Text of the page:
Artibus et Historiae no. 52 (XXVI)

2005, ISSN 0391-9064

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LYNN CATTERSON - Michelangelo's Laocoön ?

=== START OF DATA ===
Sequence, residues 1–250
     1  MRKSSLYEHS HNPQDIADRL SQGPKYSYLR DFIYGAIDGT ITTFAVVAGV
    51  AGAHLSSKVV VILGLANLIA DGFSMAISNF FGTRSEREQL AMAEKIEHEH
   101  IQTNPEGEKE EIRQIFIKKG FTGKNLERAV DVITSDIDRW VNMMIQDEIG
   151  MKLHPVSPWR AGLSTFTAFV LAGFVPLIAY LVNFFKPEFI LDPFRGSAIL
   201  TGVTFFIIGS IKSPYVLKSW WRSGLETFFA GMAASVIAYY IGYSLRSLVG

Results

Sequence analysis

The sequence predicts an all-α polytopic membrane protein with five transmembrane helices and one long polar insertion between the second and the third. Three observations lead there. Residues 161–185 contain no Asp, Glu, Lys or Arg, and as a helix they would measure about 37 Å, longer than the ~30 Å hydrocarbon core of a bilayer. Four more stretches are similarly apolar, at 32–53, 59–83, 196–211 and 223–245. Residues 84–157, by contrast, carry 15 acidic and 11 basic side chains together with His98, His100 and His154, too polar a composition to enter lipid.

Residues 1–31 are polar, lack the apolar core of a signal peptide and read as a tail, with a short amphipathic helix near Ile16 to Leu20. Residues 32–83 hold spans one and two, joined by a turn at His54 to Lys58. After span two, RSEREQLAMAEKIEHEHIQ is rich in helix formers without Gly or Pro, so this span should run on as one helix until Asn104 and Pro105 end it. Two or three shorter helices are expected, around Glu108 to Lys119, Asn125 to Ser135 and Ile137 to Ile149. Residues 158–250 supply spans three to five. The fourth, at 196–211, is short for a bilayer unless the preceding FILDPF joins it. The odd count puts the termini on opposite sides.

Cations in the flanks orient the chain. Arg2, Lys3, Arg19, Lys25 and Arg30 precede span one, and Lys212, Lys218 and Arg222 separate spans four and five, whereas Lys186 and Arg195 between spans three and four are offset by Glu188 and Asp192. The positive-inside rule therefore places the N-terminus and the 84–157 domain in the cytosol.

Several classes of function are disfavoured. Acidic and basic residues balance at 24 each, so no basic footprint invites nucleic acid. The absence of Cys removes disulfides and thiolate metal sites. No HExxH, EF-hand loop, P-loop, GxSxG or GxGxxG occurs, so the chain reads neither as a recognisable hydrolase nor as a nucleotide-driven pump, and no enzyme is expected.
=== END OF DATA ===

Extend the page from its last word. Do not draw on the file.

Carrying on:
The sculptural group of Laocoön and his Sons in the Vatican is considered to be one of the most famous and influential representatives of antiquity to survive. Described by Pliny the Elder as superior to all works, it was discovered in 1506 in a vineyard in Rome and authenticated at the site by Giuliano da Sangallo, with Michelangelo Buonarroti in tow. It was immediately acquired by Pope Julius II who installed it in the Cortile Belvedere of the Vatican, where it has been ever since. Although scholars have long sought to determine the precise origin of the Laocoön - whether it is a Greek original or a Roman copy, and to fix its date of manufacture somewhere between the mid-third century BC and the second century AD - no one has ever questioned its authenticity. A reevaluation of the Laocoön and the circumstances of its "discovery" together with new evidence culled from drawings and letters lead to the conclusion that the statue is probably a modern forgery by Michelangelo.

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